U.S. immigrants are about twice as likely to become entrepreneurs as native-born Americans. They make up around 13% of the population, yet represent 27.5% of all American entrepreneurs. Immigrant-founded top venture-backed firms have created an average of 150 jobs per company and include several household names such as Google, eBay, Yahoo, Nordstrom, AT&T, Procter & Gamble, and Goldman Sachs. In 2012 alone, a quarter of all tech and engineering start-ups had at least one immigrant cofounder, employed over 560,000 workers and generated $63 billion in sales. >> Study: Immigrants Founded 51% of U.S. Billion-Dollar Startups While many immigrants have found great success in the United States, the already uncertain path of entrepreneurship is exceptionally challenging for those learning to navigate the legal and cultural nuances of the American world of business. And even after an entrepreneur figures all that out, they still have to face the US immigration process.
Below are the 6 most popular U.S. visa options that are currently available for foreign entrepreneurs:
The number one skill of being a startup founder at this point is being an immigration attorney.— Aaron Levie (@levie) March 16, 2017
1. Entrepreneur H-1BThis visa is employer-specific, meaning approved applicants may only work for the specified employer referenced in the application. For entrepreneurs, this means that an employer-employee relationship between the must be demonstrated between the applicant and their business. Even if the individual has an ownership stake in his/her company, the company must be legally permitted to supervise his/her work and fire him/her if necessary. In order to prove a valid employer-employee relationship between an entrepreneur and his/her business, there are several options: 1) Maintain a separate Board of Directors with authority to control the individual’s employment 2) Present evidence of preferred shareholders, investors, etc. and establish their right to control the individual’s employment 3) If dealing with an LLC, provide for a separate manager with control over worker employment in the Operating Agreement Aside from establishing the employer-employee relationship, entrepreneurs in a start-up company need to keep in mind the other important considerations in order to qualify for H-1B. These are the normal considerations for any company sponsoring an employee for an H-1B visa.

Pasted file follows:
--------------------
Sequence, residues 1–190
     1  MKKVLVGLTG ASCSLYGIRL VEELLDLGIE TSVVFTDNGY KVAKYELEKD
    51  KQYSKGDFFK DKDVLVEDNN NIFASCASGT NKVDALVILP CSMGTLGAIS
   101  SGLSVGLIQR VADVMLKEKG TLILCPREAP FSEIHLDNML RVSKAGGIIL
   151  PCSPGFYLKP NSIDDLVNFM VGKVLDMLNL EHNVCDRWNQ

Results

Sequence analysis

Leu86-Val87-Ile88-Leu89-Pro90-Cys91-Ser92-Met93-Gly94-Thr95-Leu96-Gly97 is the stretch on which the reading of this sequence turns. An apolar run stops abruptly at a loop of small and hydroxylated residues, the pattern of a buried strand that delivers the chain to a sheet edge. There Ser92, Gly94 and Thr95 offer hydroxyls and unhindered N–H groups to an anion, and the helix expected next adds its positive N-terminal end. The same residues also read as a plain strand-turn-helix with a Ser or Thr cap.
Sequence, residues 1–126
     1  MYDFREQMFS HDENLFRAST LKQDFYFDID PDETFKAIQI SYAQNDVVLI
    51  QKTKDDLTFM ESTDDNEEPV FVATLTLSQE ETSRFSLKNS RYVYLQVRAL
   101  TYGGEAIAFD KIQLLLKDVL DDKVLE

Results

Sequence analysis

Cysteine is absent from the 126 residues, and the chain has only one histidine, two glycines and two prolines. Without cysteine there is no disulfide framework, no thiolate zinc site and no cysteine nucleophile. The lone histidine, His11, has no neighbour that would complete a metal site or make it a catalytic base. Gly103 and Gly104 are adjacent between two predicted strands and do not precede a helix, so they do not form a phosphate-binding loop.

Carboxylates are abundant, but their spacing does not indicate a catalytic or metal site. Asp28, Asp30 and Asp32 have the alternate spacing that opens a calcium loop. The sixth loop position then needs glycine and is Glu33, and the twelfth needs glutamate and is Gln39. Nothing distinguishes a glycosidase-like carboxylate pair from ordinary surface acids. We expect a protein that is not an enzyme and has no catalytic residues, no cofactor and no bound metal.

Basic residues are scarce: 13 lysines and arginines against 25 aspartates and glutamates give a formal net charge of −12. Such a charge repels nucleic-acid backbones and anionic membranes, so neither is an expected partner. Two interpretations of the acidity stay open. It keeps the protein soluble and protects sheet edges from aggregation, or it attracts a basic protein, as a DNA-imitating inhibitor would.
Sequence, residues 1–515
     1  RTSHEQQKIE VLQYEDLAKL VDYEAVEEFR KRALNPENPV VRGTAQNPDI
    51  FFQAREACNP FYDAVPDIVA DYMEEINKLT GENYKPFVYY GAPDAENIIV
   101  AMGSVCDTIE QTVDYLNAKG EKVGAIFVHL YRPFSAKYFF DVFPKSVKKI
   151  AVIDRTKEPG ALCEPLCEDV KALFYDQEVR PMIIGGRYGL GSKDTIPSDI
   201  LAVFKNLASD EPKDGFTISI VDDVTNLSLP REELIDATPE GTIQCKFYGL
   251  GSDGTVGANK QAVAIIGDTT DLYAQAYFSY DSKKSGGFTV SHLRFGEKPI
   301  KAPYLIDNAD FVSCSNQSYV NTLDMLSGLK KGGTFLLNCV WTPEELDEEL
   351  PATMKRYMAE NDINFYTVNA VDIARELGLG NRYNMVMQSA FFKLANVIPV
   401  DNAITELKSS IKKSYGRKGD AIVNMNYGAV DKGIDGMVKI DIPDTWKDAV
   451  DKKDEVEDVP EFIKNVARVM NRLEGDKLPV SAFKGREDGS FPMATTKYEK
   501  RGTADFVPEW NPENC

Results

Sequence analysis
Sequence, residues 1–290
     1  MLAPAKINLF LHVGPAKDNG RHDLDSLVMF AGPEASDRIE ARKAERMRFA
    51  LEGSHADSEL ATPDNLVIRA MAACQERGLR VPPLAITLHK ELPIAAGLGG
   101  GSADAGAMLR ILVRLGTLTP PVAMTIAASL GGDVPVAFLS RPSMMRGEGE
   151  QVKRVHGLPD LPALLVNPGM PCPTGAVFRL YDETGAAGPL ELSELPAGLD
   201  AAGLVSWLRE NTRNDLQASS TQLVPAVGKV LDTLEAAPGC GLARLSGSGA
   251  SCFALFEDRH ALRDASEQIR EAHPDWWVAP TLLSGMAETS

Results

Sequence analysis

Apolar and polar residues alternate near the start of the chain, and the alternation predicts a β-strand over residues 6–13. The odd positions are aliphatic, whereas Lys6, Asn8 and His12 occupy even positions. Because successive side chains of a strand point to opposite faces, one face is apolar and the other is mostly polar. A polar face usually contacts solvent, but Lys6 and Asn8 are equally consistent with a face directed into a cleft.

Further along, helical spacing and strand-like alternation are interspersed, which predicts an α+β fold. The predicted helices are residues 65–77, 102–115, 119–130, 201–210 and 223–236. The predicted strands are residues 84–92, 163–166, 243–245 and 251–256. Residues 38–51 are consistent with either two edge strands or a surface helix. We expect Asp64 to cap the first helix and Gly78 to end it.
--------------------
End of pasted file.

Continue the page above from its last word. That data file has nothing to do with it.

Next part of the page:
2. L-1 Intracompany Transferee VisaThis visa works best for entrepreneurs who already have an existing business abroad and want to run an affiliate or new business in the United States. Under a subcategory of the L-1 visa, often called the “new office” petition, steps must be made towards establishing a footprint or presence in the United States. These steps include creating the business before applying such as incorporation, securement of office space, and a detailed business plan including financial forecasts and a personnel proposal. An important condition of the new office L-1 visa is that the business must be active and operational within one year. While this will vary somewhat by company, it usually means hiring new employees, fulfilling contract orders, holding inventory, having a revenue stream, etc.